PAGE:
Praising and Burying Bloomsbury

Article excerpt

BLOOMSBURY IS AN ELUSIVE TERM, difficult to define, complex in character, burdened with decades of misinterpretation. It is discussed at the highest academic levels and used as an emotive catch-phrase in the most superficial journalism. The history of its critical fortunes moves through distrust and suspicion, to adulation and hatred. But the term is nearly always used inaccurately or with a looseness that denies it any effective meaning. I was forced to think anew about my definition when I was asked to curate `The Art of Bloomsbury' -- a major exhibition at London's Tate Gallery this autumn.

But the more Bloomsbury is studied, its primary sources scrutinised and its reputation assessed, the more a definition escapes into cumulus clouds of cultural history. Each commentator has their private notion of Bloomsbury which presumably satisfies their own tastes and prejudices. Was it, asked Bloomsbury `member' Clive Bell, `beyond meaning something nasty ... a point of view, a period, a gang of conspirators or an infectious disease?' Was it, as one of the group's most implacable foes, Wyndham Lewis, suggested in 1913, a family party of strayed and Dissenting Aesthetes'? Or does a later historian, Andrew Roberts, hit the mark more accurately when he found that Bloomsbury was more or less responsible for `just about every ill to have afflicted English society since 1945'?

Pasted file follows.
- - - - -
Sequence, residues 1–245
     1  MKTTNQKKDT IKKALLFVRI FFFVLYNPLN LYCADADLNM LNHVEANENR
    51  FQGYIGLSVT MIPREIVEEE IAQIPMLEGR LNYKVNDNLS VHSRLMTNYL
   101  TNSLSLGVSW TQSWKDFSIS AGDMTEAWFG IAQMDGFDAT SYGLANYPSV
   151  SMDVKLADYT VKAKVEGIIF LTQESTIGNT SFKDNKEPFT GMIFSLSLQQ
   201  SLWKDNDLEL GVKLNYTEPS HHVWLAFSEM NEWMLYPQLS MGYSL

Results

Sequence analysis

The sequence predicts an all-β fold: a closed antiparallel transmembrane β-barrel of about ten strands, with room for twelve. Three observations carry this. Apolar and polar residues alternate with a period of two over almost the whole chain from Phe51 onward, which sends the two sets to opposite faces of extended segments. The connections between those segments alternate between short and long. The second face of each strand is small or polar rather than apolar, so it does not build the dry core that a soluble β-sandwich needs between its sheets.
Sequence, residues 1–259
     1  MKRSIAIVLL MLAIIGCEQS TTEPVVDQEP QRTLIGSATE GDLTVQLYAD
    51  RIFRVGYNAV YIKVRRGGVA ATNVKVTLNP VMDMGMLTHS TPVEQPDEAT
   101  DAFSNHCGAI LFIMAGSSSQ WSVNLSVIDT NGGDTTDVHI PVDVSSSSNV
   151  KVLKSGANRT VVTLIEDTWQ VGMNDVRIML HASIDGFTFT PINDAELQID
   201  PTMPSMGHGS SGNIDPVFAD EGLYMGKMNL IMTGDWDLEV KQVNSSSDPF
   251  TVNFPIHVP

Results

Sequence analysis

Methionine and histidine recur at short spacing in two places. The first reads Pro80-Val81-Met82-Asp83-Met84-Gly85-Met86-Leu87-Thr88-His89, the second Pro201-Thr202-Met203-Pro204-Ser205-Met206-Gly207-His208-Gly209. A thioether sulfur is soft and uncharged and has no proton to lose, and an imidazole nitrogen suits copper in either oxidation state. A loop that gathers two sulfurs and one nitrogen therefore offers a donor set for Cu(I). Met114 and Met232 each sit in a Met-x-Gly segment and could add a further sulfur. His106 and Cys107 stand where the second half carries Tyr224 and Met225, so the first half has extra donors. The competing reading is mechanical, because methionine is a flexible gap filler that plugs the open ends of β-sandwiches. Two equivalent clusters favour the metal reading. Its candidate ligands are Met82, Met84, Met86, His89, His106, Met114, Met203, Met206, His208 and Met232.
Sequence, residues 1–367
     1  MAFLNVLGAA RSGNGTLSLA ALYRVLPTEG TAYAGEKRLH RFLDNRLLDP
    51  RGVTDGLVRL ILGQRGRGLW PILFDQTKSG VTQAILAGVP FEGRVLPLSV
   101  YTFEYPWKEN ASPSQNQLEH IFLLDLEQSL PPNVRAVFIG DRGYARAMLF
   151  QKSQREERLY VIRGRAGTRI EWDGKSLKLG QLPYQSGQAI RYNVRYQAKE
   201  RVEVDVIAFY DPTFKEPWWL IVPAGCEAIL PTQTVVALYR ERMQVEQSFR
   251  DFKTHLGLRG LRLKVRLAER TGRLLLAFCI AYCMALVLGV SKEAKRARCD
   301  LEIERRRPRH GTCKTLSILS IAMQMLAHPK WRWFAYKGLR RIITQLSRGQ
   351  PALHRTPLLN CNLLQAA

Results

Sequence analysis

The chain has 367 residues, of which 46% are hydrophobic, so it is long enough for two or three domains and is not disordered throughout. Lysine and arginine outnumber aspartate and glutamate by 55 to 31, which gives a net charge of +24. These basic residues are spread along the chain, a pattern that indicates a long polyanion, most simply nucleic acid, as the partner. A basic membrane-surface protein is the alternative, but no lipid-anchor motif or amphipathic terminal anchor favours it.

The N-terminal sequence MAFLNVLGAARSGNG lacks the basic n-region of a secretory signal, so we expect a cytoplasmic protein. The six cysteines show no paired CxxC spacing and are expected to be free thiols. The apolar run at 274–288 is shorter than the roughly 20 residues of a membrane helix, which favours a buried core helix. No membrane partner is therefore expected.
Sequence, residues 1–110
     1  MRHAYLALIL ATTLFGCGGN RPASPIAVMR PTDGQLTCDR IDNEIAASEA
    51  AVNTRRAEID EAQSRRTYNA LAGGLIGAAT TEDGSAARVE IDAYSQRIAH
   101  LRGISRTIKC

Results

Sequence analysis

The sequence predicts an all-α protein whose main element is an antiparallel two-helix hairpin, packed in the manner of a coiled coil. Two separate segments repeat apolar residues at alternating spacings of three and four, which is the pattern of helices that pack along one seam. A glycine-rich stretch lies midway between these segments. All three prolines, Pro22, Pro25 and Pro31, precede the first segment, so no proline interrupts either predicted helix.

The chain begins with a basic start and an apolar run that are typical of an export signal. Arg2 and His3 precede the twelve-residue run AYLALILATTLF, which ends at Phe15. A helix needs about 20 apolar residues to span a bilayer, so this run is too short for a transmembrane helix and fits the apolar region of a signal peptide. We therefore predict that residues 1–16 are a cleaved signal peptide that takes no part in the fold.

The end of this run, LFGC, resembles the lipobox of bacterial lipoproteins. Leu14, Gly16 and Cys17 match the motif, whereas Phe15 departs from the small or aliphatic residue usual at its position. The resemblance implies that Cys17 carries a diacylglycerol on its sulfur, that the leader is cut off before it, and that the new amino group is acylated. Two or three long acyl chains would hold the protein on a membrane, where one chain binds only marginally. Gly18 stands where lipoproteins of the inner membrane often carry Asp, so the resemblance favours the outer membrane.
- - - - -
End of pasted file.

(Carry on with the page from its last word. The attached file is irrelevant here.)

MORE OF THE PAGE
And so we have at least two parallel interpretations of anything connected with Bloomsbury. Is Virginia Woolf's novel The Waves a remarkable and innovative fictional account of a group of friends that stands almost alone in modern literature? Or is it a tiresomely restricted book by a tiresome Bloomsbury figure? Is John Maynard Keynes' post-Versailles polemic The Economic Consequences of the Peace a powerful and prophetic tract written with European vision? Or a pro-German, pacifist grumble, Strachey-esque in its satirical tone, by an arch Bloomsbury bugger? Between these polar opposite points of view resides a huge variety of opinion colouring present-day assessments of Bloomsbury. This naturally leads to the question of whether its members would be half so well remembered today if they had never formed that circle of friends in the first decade of this century. I think it would be true to say that Keynes and Virginia Woolf were the outstanding figures of the group. But in personality, ambition and achievement they could hardly be more distinct and any definition of Bloomsbury must take this difference into account. I think Roger Fry one of the very few working art critics whose writings, read years later, remain fruitful and suggestive. People tend to single out his limitations (due, of course, to his Bloomsbury prejudices) rather than admire his range and enthusiasms. His 1927 book on Cezanne is a classic in that its virtues far transcend any period limitations it contains. For the rest, they were conspicuously adventurous within the confines of British culture (Vanessa Bell and Duncan Grant's work in 1914-15); they were far-sighted in some of their political and social views (E. M. Forster, Leonard Woolf); and Lytton Strachey's Eminent Victorians remains a landmark in biography (sharing several similarities with Keynes's Economic Consequences). But even in listing these achievements, which go some way towards a definition of Bloomsbury, I am still conscious of the ineffectuality of the term. In part this is attributable to Bloomsbury being a publicly manufactured entity growing out of an accidental set of private circumstances. …